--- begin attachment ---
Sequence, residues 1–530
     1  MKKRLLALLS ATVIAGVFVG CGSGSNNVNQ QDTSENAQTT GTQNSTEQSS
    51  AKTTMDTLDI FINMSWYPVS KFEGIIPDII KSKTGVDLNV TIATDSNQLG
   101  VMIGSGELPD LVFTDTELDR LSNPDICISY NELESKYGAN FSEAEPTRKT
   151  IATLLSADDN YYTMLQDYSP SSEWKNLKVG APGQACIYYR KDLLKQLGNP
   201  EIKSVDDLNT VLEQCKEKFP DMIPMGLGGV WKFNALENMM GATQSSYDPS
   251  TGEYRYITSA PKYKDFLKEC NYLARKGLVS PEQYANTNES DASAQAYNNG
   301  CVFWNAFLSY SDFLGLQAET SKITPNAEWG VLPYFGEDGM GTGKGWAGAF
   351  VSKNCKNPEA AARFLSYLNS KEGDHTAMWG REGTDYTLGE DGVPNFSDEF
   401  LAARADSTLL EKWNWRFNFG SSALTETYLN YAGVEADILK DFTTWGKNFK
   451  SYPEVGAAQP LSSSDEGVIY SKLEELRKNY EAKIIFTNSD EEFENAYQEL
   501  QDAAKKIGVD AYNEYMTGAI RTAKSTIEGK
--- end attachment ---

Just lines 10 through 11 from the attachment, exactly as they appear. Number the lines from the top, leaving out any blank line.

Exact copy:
   401  LAARADSTLL EKWNWRFNFG SSALTETYLN YAGVEADILK DFTTWGKNFK
   451  SYPEVGAAQP LSSSDEGVIY SKLEELRKNY EAKIIFTNSD EEFENAYQEL